The ENISA report aims at mapping and studying the supply chain attacks that were discovered from January 2020 to early July 2021. Based on the trends and patterns observed, software supply chain attacks increased in number and sophistication in the year 2020 and this trend has continued in 2021, posing an increasing risk for organizations. The prediction – It is estimated that there will be four times more supply chain attacks in 2021 than in 2020 – has come true, more or less. With half of the attacks being attributed to Advanced Persistence Threat (APT) actors, their complexity and resources greatly exceed the more common non-targeted attacks, and, therefore, there is an increasing need for new protective methods that incorporate suppliers in order to guarantee that organizations remain secure.

Who is ENISA?

The European Union Agency for Cybersecurity, ENISA, is the Union’s agency dedicated to achieving a high common level of cybersecurity across Europe. Established in 2004 and strengthened by the EU Cybersecurity Act, the European Union Agency for Cybersecurity contributes to EU cyber policy, enhances the trustworthiness of ICT products, services, and processes with cybersecurity certification schemes, cooperates with Member States and EU bodies, and helps Europe prepare for the cyber challenges of tomorrow.

The main highlights of the report include the following:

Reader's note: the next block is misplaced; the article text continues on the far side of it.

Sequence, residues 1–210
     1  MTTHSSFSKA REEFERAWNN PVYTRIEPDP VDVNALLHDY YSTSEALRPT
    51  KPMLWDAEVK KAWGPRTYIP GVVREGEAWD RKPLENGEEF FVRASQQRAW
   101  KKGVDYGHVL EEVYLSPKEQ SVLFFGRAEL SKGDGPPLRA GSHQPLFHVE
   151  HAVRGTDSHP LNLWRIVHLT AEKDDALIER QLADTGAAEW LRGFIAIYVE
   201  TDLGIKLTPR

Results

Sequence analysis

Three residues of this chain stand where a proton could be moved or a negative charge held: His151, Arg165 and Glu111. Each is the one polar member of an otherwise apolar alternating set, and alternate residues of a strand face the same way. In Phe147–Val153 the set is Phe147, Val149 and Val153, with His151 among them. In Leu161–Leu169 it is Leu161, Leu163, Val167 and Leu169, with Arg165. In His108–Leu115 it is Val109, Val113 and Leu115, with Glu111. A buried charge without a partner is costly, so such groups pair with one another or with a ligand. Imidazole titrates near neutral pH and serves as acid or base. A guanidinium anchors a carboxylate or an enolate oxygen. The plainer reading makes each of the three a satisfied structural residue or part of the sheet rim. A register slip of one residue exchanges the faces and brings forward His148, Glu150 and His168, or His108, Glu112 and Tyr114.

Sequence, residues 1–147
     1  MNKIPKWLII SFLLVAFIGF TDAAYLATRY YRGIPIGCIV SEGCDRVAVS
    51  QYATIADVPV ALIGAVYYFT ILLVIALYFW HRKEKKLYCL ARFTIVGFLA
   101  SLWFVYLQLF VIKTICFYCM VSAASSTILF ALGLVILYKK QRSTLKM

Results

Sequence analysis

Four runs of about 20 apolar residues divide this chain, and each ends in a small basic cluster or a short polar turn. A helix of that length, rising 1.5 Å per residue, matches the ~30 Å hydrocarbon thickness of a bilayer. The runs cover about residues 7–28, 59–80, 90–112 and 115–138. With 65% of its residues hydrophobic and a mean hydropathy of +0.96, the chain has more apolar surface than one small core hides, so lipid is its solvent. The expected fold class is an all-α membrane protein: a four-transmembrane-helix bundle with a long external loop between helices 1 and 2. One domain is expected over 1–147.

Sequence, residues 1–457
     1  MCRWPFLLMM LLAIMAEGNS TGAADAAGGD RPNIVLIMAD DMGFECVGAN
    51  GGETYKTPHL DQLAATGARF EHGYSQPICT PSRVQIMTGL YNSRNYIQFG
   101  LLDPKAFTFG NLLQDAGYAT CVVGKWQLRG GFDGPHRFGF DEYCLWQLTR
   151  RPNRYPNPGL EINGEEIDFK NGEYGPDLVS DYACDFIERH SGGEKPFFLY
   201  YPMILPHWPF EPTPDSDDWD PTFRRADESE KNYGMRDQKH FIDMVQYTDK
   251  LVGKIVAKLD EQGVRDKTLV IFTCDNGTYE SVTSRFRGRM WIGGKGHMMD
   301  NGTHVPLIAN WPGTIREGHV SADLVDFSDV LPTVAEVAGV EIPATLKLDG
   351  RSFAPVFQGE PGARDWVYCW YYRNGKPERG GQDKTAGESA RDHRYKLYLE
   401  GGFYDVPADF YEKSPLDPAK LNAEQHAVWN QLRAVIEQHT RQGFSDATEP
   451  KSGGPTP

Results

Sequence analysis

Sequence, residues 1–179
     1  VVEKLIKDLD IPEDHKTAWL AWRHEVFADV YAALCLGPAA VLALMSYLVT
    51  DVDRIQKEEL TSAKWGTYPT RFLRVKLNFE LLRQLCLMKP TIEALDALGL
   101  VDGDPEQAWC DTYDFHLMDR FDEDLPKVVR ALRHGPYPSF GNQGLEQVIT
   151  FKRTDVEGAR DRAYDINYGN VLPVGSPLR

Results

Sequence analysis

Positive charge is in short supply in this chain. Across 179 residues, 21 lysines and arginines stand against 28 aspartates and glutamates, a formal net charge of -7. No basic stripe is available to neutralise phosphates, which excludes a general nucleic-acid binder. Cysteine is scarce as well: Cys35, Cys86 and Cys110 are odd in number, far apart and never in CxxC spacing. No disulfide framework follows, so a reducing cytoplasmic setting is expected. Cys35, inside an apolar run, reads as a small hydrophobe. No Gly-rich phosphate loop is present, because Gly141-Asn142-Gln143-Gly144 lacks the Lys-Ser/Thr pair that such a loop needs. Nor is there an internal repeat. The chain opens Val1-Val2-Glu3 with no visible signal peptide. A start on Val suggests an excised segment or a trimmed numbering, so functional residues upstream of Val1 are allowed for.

• A taxonomy to classify supply chain attacks in order to better analyze them in a systematic manner and understand the way they manifest is described.
  • 24 supply chain attacks were reported from January 2020 to early July 2021, and have been studied in this report.
  • Around 50% of the attacks were attributed to well-known APT groups by the security community.
  • Around 42% of the analyzed attacks have not yet been attributed to a particular group.
  • Around 62% of the attacks on customers took advantage of their trust in their supplier.
  • In 62% of the cases, malware was the attack technique employed.
  • When considering targeted assets, in 66% of the incidents attackers focused on the suppliers’ code in order to further compromise targeted customers.
  • Around 58% of the supply chain attacks aimed at gaining access to data (predominantly customer data, including personal data and intellectual property) and around 16% at gaining access to people.
  • Not all attacks should be denoted as supply chain attacks, but due to their nature many of them are potential vectors for new supply chain attacks in the future.
  • Organizations need to update their cybersecurity methodology with supply chain attacks in mind and to incorporate all their suppliers in their protection and security verification.

There are four key elements in a supply chain:

  • Supplier: is an entity that supplies a product or service to another entity.